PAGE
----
I hate when know-it-all scientists with their starched white lab coats and their so-called statistics decide that one of my most strongly held core prejudices is really a lot of baloney.
Like this whole evolution business. What piece of scientific "proof" could possibly convince you that humans descended from monkeys when, in your heart, you know that the human race began in 2011 when space travelers arrived on Earth to create a wacky world of bumbling beings to amuse the folks back home, watching on their flat screens from their living rooms on Romulac-7.
Or maybe I'm thinking of "Duck Dynasty." Anyway, you get my point.
Fortunately, there are those rare times when science comes up with "evidence" that supports our personal delusions. And this is exactly the case with a recent email I received from Allison Adams.
Adams is the director of global media strategy at the University of North Carolina Kenan-Flagler Business School. She emailed me to share the results of a new research project by professors at three major American universities -- research that resulted in a major workplace breakthrough.
To quote the email's subject line, "A cup of coffee can help you act ethically at work."
"Go ahead and have that extra cup of java," Adams writes, "it might just help you to act ethically at work."
Putting aside for a moment the questions of whether this research was funded by Folgers Coffee and why in the world anyone would want to act ethically at work, the email goes on to report that "a large cup of coffee can help sleep-deprived employees bolster their ability to control their behavior and resist unethical temptations."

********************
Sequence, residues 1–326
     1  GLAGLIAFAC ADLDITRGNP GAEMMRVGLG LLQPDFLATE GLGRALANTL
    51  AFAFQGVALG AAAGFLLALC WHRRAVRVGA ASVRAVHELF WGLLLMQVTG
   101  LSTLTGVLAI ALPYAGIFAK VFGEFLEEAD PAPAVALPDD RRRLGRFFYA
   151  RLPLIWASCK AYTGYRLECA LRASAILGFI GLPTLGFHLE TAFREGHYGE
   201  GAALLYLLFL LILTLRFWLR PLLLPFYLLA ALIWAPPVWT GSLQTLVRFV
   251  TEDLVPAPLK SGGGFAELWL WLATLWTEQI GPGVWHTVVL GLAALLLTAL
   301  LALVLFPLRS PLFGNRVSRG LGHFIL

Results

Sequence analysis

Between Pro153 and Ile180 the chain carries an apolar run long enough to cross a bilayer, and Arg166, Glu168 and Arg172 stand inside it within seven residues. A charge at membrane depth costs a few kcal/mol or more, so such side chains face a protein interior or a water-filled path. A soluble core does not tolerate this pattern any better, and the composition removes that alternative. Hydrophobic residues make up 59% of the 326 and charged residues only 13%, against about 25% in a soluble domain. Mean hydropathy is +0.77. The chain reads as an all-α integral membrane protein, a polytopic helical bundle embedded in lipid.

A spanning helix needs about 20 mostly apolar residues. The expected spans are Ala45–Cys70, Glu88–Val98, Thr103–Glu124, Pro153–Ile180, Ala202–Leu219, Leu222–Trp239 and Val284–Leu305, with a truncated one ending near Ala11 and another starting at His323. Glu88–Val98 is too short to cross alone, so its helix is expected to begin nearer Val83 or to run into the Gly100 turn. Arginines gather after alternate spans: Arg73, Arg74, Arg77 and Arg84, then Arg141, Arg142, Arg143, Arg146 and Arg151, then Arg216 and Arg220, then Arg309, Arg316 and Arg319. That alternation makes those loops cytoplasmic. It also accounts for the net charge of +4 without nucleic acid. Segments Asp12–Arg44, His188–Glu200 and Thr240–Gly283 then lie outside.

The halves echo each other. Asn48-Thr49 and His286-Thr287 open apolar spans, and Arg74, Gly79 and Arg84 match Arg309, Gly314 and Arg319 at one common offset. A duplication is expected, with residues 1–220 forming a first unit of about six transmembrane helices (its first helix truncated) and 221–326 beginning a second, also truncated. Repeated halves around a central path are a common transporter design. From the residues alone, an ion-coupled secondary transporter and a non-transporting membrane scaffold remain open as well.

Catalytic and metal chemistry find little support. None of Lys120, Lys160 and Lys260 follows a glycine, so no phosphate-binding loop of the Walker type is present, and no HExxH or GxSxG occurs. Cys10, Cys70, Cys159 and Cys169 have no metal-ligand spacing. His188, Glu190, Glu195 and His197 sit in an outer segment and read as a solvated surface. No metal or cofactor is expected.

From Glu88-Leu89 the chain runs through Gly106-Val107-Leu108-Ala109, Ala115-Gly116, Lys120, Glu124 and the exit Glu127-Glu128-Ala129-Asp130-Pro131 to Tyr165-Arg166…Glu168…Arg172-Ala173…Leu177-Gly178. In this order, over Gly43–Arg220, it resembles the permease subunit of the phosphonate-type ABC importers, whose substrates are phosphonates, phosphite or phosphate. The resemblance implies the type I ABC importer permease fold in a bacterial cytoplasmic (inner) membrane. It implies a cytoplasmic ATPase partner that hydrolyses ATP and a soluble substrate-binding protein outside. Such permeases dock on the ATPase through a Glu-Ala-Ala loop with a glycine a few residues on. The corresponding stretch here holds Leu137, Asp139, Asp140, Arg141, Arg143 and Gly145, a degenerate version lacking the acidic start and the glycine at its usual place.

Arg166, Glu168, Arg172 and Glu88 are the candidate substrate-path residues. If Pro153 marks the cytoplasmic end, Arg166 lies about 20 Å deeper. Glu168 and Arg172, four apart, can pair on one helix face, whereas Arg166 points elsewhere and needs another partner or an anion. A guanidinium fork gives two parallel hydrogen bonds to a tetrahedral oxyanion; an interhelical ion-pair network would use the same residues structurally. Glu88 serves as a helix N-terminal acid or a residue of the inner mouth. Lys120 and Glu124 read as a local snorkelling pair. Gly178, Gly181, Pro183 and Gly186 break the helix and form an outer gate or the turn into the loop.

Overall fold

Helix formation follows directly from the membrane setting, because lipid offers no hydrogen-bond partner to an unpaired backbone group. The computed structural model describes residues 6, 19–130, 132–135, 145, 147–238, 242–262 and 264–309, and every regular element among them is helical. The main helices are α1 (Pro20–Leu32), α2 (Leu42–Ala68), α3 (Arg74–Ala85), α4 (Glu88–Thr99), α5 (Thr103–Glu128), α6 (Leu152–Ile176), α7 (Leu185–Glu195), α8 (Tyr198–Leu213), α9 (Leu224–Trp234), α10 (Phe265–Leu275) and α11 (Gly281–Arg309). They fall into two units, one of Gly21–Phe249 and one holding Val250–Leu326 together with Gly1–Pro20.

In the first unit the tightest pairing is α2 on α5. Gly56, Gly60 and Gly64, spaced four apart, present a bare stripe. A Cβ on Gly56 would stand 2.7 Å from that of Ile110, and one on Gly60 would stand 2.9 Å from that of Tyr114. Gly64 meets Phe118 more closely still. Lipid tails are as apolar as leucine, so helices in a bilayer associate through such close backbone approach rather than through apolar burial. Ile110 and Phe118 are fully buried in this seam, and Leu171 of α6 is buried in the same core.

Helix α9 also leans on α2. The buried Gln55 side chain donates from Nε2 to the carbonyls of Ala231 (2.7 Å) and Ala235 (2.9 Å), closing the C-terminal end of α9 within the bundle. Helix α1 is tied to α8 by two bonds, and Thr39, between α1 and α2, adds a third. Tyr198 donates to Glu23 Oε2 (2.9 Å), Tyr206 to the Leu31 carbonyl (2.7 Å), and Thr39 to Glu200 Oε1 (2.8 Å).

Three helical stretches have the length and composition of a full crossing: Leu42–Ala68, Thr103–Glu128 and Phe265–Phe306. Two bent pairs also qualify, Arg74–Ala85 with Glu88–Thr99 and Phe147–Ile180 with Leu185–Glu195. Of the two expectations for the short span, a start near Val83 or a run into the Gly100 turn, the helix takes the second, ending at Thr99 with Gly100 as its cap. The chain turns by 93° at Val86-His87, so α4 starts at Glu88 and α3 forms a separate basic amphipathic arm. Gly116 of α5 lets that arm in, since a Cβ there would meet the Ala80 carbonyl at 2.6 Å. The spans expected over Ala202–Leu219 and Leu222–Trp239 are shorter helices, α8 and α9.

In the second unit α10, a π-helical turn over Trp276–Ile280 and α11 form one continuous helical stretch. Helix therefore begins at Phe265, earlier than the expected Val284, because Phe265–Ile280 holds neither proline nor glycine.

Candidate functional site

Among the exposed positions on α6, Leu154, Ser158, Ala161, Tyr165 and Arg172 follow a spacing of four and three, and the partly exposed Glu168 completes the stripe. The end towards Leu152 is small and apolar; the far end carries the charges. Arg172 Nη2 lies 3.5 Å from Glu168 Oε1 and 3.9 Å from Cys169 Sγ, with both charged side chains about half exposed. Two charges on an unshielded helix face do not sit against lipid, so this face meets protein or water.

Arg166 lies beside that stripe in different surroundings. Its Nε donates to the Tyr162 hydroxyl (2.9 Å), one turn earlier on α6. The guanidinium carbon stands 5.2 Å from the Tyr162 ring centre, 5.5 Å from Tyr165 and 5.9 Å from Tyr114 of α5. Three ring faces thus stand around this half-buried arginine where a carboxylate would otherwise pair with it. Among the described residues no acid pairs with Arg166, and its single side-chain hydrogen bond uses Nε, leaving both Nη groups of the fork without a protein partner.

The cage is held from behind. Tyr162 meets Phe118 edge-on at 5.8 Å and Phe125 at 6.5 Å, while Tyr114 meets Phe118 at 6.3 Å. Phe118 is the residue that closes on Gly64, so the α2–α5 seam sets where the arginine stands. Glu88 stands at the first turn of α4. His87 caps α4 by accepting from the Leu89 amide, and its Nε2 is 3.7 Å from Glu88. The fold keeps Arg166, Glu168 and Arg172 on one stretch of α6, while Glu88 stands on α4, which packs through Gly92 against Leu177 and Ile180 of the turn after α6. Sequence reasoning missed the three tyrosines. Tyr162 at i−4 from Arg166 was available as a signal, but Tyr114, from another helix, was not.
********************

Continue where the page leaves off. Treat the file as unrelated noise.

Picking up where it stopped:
(My copy of the Journal of Applied Psychology has not arrived yet, but I think we can assume that while caffeine may indeed keep you from pilfering office supplies or emptying the petty cash drawer, it would take a fairly large cup of coffee to get you to resist the unethical temptation to hide under your desk and take an after-lunch nap.)
According to Professor Michael Christian, "sleep deprivation contributes to unethical behavior by making you more susceptible to social influences, such as the boss who tells you to do something deceptive or unethical."
I'm not saying this is wrong, but it does strike me as rather wrongheaded. In other words, instead of working on ways to control or contain the illegal and immoral influences of evil management, the scientists conclude that the answer is for employees to dose themselves with stimulants.
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